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Book description

A comparison of the development of the synthetic dye industry in Great Britain, Germany, and the US. The rise of this industry constitutes an important chapter in business, economic, and technological history because synthetic dyes - invented in 1857 - represent the first time that a scientific discovery quickly gave rise to a new industry. British firms led the industry for the next eight years, but German firms came to dominate the industry for decades before WWI, while American firms played only a minor role during the entire period. This study identifies differences in educational institutions and patent laws as the key reasons for German leadership in this industry. Successful firms had strong ties to the centers of organic chemistry knowledge. The book also argues that a complex coevolutionary process linking firms, technology and national institutions resulted in very different degrees of industrial success for dye firms in the three countries.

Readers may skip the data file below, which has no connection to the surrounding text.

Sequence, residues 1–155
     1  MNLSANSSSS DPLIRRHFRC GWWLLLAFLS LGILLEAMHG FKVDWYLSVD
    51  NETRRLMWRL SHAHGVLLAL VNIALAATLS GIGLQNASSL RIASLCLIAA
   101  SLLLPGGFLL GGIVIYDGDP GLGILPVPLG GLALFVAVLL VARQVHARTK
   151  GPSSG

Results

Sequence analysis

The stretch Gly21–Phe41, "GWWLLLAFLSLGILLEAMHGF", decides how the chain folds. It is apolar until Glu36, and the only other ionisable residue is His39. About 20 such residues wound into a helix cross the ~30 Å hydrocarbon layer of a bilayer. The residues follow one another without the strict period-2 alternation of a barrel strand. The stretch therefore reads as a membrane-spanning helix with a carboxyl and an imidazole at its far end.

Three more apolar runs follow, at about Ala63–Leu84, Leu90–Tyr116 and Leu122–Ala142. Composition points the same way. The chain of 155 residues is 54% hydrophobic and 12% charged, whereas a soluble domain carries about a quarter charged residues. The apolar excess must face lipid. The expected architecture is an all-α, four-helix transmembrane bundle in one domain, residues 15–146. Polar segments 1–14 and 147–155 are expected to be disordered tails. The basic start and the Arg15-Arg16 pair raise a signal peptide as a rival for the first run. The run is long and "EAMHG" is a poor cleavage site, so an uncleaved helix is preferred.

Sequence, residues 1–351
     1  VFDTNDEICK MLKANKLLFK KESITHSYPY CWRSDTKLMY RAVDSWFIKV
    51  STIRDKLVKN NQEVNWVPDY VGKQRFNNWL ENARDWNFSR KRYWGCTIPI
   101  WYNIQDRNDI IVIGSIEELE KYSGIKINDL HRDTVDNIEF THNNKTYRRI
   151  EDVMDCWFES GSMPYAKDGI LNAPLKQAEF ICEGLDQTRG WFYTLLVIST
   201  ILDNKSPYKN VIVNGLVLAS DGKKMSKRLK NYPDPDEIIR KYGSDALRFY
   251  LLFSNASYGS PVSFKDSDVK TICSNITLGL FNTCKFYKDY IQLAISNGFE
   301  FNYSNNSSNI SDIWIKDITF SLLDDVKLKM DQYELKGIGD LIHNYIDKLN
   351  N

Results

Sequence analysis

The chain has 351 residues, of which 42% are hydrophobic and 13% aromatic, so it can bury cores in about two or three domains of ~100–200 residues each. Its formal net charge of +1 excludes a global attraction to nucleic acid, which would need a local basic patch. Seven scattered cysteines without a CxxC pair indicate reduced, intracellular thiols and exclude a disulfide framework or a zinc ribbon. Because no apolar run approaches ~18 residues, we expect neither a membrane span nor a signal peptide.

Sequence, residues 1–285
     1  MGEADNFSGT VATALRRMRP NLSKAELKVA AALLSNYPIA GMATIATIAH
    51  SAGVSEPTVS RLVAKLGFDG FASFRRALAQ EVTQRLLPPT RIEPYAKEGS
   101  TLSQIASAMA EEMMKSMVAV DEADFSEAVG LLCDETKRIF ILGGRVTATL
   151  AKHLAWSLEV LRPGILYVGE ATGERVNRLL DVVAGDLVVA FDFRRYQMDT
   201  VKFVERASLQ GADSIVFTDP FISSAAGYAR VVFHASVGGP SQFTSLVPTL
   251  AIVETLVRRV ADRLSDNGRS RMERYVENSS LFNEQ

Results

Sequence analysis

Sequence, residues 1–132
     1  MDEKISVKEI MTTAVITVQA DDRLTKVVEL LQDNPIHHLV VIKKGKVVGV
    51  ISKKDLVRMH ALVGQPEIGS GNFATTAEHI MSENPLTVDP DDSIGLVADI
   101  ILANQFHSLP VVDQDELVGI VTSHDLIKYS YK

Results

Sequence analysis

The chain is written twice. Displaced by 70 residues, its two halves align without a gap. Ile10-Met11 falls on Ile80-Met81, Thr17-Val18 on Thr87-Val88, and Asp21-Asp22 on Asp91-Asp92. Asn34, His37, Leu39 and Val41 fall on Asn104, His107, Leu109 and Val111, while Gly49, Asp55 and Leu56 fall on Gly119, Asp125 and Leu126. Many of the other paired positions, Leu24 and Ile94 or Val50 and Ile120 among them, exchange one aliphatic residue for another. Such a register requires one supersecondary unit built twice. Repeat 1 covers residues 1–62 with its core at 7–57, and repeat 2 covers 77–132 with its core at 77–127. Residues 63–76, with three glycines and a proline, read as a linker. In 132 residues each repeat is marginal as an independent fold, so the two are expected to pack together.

‘… the book is a short valuable technological history of dyes, as well as a collection of databases on firms and plants. There’s also a comprehensive bibliography and a good index. Murmann’s book will interest and stimulate the thinking of anyone involved in management in a technology-based operation. I also recommend it to policy makers in governmental organizations that seek to influence international policy. As Murmann hopes, it should also encourage additional research.’

Source: Chemical and Engineering News

'Murmann's sophisticated co-evolutionary theory of industrial leadership considerably increases our understanding of the dynamics of international competition.'

Jochen Streb - University of Hohenheim

'Murmann's book all in all is a masterpiece of historical sociology. It achieves both completeness and particularity. … For business historians, Murmann's work demonstrates the exciting potential of an organized and systematic effort, creatively presented, to make industrial history meaningful to managers, and other historians, without sacrificing richness of detail.

Source: Enterprise and Society

'It is always a welcome sign when some aspect of the history of chemistry is placed within a new context and made relevant to new audiences. This is what Johann Peter Murmann has achieved with considerable success …'

Source: Ambix

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